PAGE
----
RADIOACTIVITY.EU.COM

icon THE PHENOMENON

THE PHENOMENON

icon IN DAILY LIFE

IN DAILY LIFE

icon QUESTION OF DOSES

QUESTION OF DOSES

icon AT THE DOCTOR’S

AT THE DOCTOR’S

icon At the laboratory

At the laboratory

icon At the museum

At the museum

icon NUCLEAR ENERGY

NUCLEAR ENERGY

icon RADIOACTIVE WASTE

RADIOACTIVE WASTE

The aim of this web site is to explain radioactivity and its applications to the general public.

icon Conditioning

Conditioning

Packages for trapping radioactivity…

Trap radioactivity in packages
At the La Hague plant, solutions of fission products and minor actinides are calcined at around 400 degrees C, then vitrified by mixing with glass frit in an oven at around 1100 degrees C. The molten glass is poured into a cylindrical container (right) made from special steel. A lid is welded on to the container body. The cutaway model on the left shows the interior of a standard vitrified waste container. The mass of the glass is approximately 400 kg, and the mass of the radioactive products within it, around 11 kg.
© AREVA/ANDRA ©

Conditioning means containing the radioactivity and immobilising the radioactive atoms. The atoms have to be immobilised until they are no longer radioactive, or if that is not possible, until they have nearly reached that state. The capacity of the package to withstand damage from the radiation naturally depends on the activity of the material being processed.

The activity is greatest with spent fuel from nuclear power plants. When a reactor is in operation, the radioactivity is contained by the zirconium cladding, which consists of tubes that hold the fuel pellets. This cladding must be the primary containment barrier once the fuel has been unloaded. To reinforce the barrier, the irradiated fuel assemblies are placed in special containers known as canisters or casks.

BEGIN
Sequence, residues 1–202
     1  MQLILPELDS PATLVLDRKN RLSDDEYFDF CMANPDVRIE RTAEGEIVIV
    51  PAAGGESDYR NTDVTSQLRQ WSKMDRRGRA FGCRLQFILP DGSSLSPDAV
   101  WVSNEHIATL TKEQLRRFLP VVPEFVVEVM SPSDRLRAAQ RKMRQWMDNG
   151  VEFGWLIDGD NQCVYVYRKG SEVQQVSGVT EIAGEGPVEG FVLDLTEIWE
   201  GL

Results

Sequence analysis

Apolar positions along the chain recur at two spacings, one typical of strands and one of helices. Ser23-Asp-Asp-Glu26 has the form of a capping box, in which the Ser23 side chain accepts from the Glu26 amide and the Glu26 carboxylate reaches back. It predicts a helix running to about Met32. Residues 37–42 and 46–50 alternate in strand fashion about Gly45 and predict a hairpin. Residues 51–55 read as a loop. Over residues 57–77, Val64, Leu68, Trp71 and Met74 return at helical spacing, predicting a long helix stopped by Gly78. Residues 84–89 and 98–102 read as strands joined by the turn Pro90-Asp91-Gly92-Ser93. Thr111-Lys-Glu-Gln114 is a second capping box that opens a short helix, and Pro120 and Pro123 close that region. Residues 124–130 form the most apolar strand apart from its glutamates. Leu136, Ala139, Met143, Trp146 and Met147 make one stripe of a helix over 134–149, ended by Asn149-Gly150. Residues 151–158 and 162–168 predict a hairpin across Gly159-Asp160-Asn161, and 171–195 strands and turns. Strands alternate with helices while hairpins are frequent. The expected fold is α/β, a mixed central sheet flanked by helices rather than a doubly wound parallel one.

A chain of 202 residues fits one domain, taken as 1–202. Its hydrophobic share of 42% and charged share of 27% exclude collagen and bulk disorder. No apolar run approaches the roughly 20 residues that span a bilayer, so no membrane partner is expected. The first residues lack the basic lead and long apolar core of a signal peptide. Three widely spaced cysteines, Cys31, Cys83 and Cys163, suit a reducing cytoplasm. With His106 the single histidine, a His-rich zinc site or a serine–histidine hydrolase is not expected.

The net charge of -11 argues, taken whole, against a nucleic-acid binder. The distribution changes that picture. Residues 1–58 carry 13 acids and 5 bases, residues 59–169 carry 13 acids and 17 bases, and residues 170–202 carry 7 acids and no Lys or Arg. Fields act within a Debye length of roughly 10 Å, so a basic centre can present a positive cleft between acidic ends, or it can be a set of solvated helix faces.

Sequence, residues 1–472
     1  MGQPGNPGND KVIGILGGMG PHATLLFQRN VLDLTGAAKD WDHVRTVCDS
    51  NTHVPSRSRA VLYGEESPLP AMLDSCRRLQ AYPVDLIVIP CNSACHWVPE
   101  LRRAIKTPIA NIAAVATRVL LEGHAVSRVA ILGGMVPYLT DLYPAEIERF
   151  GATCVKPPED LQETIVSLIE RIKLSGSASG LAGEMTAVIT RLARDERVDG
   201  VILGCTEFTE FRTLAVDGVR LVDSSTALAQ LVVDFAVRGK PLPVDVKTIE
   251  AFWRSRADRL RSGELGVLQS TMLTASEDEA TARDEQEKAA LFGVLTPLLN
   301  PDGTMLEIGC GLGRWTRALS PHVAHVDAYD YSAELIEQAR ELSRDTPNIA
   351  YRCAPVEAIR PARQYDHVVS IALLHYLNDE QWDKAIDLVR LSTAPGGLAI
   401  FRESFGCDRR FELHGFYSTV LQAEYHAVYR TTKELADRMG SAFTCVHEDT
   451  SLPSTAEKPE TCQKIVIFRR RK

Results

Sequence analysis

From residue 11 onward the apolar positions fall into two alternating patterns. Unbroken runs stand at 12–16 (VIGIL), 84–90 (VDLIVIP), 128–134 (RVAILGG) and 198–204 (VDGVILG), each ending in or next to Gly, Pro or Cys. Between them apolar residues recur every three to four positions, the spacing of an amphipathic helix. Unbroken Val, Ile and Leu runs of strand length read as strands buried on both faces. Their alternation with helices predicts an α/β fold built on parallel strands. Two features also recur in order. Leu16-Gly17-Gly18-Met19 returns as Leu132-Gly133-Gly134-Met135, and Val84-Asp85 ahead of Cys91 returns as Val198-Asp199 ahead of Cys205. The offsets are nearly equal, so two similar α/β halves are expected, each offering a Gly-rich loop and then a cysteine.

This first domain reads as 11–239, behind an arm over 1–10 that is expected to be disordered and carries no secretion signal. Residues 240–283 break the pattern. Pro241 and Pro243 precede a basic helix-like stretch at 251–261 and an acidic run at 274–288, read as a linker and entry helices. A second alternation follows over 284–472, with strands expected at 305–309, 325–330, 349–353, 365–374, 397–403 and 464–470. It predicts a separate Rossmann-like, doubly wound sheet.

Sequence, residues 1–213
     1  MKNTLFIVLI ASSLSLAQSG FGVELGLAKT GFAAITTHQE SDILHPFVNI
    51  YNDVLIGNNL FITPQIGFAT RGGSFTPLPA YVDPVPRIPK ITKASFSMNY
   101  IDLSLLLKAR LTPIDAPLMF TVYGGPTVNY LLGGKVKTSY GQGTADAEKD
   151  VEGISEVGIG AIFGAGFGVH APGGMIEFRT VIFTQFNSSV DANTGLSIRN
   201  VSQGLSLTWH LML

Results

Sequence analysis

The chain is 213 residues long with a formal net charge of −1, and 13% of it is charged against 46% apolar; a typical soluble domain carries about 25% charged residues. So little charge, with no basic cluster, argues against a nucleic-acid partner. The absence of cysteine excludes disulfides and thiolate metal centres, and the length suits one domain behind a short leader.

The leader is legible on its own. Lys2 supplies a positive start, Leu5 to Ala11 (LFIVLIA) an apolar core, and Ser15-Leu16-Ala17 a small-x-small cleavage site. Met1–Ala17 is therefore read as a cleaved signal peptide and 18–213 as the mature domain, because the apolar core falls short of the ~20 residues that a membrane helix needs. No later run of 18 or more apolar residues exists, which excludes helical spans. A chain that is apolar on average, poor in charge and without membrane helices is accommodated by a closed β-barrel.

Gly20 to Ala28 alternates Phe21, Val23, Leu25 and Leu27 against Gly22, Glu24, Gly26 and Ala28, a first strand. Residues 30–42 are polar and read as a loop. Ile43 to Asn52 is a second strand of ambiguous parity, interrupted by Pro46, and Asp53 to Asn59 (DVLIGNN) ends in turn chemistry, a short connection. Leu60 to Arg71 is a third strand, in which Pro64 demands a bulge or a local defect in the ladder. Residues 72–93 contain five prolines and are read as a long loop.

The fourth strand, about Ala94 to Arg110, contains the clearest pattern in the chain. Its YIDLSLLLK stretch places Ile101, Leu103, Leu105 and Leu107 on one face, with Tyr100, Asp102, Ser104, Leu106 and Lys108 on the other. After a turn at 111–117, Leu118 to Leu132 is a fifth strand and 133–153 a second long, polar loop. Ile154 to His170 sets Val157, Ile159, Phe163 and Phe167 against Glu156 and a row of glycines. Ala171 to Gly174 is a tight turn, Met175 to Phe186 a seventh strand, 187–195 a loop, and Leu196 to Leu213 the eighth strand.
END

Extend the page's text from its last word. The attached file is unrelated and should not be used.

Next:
If the irradiated fuel is reprocessed, it is the residue of highly radioactive material considered as waste that is contained. This radioactive residue is incorporated into a material known as the ‘matrix’, selected for its ability to withstand damage caused by radiation. The matrix must be able to incorporate a sufficient quantity of radioactive atoms. It must be able to resist being dissolved in water for thousands of years.

Special types of glass are currently used as the matrices for high activity waste at the La Hague plant. Glass is an amorphous material with an extremely flexible structure that absorbs the effect of the radiation. Glass is a very effective conditioning matrix for all the different types of fission products.

As part of research into waste, a number of ceramics have been developed that are more expensive but even more durable. These ceramics – mineral compounds processed at a very high temperature – have the property of being able to incorporate into their crystal structure atoms with good chemical compatibility. Long-lived radioactive atoms could therefore be completely immobilised in these structures, as bespoke matrices.

Protection could thus be offered for very long periods of time against elements such as iodine-129 and caesium-135, which are naturally fairly mobile and difficult to destroy by transmutation.